Part 3 of the series examines the political progressiveness of the CPA. The results found that across the board, as you might suspect at this point, that CPAs identify themselves predominantly as liberal and affiliate with either the Democratic or other left-leaning political parties. It’s not just their “feelings” or values that lead to this identification. Because “rationality” is a value for the CPA, Yancey says,
Acceptance of political progressive ideology is a marker for intelligence. Consequently, the opposite is true for these respondents as well. Those who accept a conservative political ideology must not be very intelligent or are being misled. (italics mine)
In fact, where most CPAs are religiously atheistic or agnostic, it’s interesting to note that they have a belief system in which “the more progressive an individual is the higher level of morality that person possesses.” Their political progressiveness is expressed in high activism, seeking to transform culture and society and institutions into their vision. They have a tendency to disdain anyone that disagrees with them as being unintelligent, uninformed or “misled.”
Part 4 wraps up the series (and I hope tempts you to buy the book) seeks to identify the “action frame” of this social movement. Yancey explains that an action frame is a way of explaining how people in a movement “find ways to ‘frame’ their movement that justify their participation in the movement” and “whereby movement participants argue what has gone wrong… and why movement participants take the actions that they do.”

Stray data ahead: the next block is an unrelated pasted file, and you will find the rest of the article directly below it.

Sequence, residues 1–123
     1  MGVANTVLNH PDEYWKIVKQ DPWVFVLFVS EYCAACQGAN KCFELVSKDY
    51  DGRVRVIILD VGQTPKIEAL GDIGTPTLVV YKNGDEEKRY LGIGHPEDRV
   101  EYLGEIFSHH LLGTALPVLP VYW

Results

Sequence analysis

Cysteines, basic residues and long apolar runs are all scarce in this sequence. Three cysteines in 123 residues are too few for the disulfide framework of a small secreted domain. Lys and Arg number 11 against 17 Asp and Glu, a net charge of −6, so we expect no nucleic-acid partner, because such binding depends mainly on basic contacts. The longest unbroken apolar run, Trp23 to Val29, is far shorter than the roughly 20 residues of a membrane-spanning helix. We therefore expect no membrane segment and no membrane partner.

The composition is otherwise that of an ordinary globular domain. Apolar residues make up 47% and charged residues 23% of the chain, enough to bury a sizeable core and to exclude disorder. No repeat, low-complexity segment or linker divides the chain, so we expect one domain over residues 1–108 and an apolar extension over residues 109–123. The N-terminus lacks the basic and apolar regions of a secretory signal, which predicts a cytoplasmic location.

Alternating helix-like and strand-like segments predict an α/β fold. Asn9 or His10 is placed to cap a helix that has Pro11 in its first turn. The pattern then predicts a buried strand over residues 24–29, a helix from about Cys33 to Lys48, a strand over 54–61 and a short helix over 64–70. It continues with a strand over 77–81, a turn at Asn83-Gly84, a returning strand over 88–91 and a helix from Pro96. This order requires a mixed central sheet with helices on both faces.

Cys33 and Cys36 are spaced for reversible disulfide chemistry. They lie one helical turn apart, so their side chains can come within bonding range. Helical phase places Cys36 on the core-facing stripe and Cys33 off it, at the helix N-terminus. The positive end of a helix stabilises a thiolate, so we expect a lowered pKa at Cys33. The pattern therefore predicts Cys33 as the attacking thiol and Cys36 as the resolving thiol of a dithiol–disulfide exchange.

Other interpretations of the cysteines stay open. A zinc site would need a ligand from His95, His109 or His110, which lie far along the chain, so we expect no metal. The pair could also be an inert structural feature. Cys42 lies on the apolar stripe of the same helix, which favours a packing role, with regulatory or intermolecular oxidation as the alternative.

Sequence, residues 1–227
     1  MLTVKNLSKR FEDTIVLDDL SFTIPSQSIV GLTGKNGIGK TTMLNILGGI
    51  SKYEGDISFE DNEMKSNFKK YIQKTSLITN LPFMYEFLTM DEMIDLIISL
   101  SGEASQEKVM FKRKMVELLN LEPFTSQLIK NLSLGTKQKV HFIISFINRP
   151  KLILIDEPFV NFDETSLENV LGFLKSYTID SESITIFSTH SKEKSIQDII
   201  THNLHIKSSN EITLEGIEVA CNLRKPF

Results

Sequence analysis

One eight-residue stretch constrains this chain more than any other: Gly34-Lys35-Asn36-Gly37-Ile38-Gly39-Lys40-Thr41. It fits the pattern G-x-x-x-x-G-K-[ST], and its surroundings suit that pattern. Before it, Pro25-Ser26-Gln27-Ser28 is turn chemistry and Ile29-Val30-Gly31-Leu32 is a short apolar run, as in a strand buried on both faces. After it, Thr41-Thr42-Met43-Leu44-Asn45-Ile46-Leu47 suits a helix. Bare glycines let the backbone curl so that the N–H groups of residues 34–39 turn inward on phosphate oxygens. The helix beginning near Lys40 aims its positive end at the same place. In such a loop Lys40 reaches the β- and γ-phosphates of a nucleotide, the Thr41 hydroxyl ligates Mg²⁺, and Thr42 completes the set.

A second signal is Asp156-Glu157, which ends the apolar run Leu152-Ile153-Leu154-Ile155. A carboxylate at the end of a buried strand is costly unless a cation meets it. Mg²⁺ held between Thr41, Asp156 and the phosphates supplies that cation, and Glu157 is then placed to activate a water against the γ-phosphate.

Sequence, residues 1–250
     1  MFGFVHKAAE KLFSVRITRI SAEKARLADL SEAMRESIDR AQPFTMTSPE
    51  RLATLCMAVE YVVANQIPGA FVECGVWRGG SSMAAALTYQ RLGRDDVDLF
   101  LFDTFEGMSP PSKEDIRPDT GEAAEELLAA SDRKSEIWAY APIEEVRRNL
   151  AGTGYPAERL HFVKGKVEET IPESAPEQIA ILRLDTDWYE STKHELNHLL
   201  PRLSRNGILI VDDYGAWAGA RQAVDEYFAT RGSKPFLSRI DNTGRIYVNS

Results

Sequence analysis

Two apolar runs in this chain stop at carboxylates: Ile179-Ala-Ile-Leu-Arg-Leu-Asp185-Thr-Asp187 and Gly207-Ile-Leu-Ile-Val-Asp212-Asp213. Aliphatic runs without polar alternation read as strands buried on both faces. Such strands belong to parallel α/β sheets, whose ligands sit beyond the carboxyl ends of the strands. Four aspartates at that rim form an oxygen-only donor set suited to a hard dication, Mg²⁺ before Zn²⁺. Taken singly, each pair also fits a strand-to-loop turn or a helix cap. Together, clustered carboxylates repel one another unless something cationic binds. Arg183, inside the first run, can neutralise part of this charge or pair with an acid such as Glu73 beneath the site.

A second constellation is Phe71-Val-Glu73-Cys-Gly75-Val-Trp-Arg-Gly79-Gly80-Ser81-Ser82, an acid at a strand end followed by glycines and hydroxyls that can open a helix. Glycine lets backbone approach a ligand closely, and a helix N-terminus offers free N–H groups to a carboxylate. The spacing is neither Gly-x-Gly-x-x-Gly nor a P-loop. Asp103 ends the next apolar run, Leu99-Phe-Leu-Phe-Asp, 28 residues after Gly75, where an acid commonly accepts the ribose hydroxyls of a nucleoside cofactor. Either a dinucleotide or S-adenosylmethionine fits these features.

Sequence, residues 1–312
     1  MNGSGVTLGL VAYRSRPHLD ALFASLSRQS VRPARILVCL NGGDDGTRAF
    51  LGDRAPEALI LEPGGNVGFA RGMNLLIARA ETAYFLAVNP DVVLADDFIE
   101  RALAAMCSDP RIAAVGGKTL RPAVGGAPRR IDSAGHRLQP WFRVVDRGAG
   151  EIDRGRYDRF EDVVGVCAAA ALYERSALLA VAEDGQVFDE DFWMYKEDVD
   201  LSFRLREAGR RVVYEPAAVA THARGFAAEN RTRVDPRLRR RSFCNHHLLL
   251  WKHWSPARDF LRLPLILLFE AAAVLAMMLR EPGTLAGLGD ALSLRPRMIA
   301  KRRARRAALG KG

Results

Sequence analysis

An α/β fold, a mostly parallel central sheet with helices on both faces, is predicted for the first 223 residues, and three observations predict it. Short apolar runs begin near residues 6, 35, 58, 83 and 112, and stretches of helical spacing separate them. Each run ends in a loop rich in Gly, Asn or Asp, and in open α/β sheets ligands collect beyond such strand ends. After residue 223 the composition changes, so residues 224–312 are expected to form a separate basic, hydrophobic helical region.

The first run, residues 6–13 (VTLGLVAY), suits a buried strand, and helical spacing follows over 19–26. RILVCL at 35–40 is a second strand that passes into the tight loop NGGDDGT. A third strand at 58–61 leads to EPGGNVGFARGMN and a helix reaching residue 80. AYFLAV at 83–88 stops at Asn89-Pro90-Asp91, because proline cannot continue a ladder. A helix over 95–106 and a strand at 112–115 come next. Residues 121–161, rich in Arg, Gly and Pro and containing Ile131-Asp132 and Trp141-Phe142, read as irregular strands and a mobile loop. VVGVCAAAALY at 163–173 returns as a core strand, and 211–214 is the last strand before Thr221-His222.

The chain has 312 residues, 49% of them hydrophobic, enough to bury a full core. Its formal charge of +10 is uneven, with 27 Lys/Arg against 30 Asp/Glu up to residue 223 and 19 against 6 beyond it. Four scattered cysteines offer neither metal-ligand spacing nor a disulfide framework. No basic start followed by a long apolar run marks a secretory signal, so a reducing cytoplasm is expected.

While CPAs do not oppose religion that is confined to the home, they seek to keep its influence out of society at large. One respondent indicated:
Christian fanatics have not yet reached the stage of active persecution but it is only a matter of time to where they become as bad as the Islamic fundamentalists.
It’s worrisome at the least to understand again the demographics of this group. As Yancey said earlier, “Cultural progressive activists do quite well.” Unfortunately, they abandon their embrace of rationality when they embrace fear as a motivator to hinder the Christian worldview from influencing culture at large.
Fear is a powerful motivational tool that social movements can use to maintain loyalty and commitmentIt is often difficult to persuade individuals to provide resources to a social movement based purely on the vision of a better society… Thus, it is not surprising that primary literature from some of the organizations run by cultural progressive activists paints Christian conservatives as a powerful enemy that must be defeated at all costs.
Yancey ends the series with a worn-out term that I believe is overused – “culture war.” For me, it doesn’t communicate much hopefulness in dialogue to paint a militaristic picture. I did appreciate his attempt to unpack for us what motivates a person or organization that is a cultural progressive. I wonder what your thoughts might be related to the material, particularly in light of an election season?
On this day...
- Praying for our new President - 2008
- Houston, wake up... - 2006
- On alcohol... - 2006
- Numa Numa... - 2005